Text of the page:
So, if we were to summarize Paul’s prayer, perhaps this would be a helpful starting place – Paul prays for the Colossians to have true spiritual knowledge so that they would then pursue true spiritual growth. Those two themes – true spiritual knowledge, and true spiritual growth – are the core of this passage, so let’s give our attention to each in more detail.
True Spiritual Knowledge
First of all, we need to consider Paul’s presentation of True Spiritual Knowledge. Again, it’s clear in v9 that prayer is Paul’s focus at this point. Notice how he speaks of praying without ceasing. Regularly, faithfully, and fervently, Paul prays for the believers in the Colossian church. And by praying for these believers, Paul continues to direct them to God’s work on their behalf. Don’t miss that. Paul’s prayer is a plea for God to work in them and through them. Remember, it was God’s work for the Colossians that sparked Paul’s thanksgiving in vv3-4, and it is God’s continued work that now prompts Paul to pray. So, you can see the apostle’s point already, and it’s an encouraging one. Believers don’t need something new to unlock the Christian life. Instead, they need the same God who brought them to faith to continue his work of growing them in the faith.
But we’re getting ahead of ourselves a bit. Before we get to the spiritual growth, we need to understand the content of Paul’s request. It’s the content that leads to the growth. So, notice what Paul asks for in v9 – that you may be filled with the knowledge of his will in all spiritual wisdom and understanding. Now, that’s a jam-packed prayer request! It’s clear the aim is knowledge of the divine will, but what exactly does Paul have in view? It helps if we break it down piece-by-piece, until we get some clarity at the end.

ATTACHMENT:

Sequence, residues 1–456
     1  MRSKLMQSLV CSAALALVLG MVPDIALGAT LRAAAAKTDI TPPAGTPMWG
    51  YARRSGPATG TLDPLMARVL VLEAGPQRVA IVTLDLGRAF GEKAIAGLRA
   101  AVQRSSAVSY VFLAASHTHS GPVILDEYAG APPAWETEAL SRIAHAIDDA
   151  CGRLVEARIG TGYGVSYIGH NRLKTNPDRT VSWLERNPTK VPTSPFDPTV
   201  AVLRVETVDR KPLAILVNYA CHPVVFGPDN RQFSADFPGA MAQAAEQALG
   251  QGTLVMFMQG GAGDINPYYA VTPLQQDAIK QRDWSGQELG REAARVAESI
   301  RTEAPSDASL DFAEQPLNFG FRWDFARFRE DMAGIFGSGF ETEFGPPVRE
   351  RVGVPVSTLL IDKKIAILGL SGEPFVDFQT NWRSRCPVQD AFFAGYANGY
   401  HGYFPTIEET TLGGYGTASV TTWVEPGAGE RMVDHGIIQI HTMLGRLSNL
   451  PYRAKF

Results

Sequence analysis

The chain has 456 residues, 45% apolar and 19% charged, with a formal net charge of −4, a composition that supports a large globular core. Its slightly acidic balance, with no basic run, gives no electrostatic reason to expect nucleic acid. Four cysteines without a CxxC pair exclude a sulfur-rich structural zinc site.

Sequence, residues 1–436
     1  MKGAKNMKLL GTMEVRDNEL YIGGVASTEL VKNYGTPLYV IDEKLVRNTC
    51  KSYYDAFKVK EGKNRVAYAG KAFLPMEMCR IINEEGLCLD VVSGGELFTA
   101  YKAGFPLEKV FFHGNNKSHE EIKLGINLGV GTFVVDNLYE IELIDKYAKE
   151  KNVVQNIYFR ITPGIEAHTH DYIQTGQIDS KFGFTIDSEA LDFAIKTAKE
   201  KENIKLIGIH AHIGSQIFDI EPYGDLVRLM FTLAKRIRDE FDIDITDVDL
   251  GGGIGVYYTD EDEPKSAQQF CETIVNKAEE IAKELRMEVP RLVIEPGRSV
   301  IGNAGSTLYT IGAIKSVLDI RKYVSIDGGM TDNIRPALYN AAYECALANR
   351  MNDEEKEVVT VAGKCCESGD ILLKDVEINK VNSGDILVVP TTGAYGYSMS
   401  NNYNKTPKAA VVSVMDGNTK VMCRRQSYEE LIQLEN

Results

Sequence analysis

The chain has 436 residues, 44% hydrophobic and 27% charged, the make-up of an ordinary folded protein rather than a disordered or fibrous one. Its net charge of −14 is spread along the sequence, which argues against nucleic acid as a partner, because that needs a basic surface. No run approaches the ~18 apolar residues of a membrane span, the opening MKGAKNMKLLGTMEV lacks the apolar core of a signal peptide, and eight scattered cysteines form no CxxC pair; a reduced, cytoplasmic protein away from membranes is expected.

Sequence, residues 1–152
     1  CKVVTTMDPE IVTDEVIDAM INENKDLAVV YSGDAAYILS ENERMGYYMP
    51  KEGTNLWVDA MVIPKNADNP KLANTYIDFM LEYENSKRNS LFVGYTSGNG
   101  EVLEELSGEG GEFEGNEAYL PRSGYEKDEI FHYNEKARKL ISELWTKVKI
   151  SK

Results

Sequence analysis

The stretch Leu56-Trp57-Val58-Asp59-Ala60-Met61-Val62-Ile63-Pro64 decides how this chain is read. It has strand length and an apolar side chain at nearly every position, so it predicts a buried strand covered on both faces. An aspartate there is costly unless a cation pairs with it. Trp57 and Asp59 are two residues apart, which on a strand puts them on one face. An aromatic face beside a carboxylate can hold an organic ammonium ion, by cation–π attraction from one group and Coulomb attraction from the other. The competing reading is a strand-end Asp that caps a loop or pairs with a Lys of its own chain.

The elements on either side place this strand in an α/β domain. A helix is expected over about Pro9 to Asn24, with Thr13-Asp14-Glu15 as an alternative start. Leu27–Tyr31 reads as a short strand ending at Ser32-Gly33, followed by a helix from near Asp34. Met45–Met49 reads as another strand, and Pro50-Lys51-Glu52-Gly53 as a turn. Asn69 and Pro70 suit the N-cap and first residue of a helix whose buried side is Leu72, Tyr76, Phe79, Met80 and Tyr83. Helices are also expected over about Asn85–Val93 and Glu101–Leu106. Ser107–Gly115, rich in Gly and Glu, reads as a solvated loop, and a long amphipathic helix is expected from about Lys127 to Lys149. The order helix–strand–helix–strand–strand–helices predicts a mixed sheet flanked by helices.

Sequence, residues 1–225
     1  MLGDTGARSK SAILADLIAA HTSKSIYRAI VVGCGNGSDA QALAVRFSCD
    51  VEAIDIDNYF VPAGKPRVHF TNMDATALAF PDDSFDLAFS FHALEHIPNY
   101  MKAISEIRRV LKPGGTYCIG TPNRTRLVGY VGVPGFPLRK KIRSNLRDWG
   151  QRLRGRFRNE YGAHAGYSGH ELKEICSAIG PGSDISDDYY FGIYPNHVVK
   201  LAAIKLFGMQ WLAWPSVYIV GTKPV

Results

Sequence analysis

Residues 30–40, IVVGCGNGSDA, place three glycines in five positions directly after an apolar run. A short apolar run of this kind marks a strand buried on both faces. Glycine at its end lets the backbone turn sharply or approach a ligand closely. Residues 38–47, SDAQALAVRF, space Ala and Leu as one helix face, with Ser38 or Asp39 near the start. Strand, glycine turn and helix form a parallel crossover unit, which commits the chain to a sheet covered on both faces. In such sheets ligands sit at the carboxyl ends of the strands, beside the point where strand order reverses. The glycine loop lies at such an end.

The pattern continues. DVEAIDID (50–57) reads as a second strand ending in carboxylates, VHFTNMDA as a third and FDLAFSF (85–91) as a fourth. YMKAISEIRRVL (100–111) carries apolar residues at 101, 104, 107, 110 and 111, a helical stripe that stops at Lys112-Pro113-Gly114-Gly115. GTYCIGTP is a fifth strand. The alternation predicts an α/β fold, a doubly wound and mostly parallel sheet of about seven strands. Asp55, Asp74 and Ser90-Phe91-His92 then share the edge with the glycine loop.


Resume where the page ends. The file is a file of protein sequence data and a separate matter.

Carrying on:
To begin with, note the scope of this knowledge. Paul prays they would be filled with knowledge, wisdom, and understanding. Now, from reading the letter, it seems the idea of fullness was a key element of the false teachers’ agenda. Perhaps they claimed there were other truths besides the gospel that brought a greater fullness to the Christian life. Whatever the specifics, it’s clear that the Colossians were struggling with whether or not they had what they needed to live.
So, what does Paul do? He turns the false teachers’ language against them. He prays for God to fill the Colossians with the knowledge of his will. To be filled is to have complete certainty, but the key is that Paul stresses this must come from God himself. It’s not something we can attain on our own, through effort or human tradition. And it’s not something that can be found outside the gospel. Rather, to experience this fullness of knowledge, believers must look to God who alone can provide.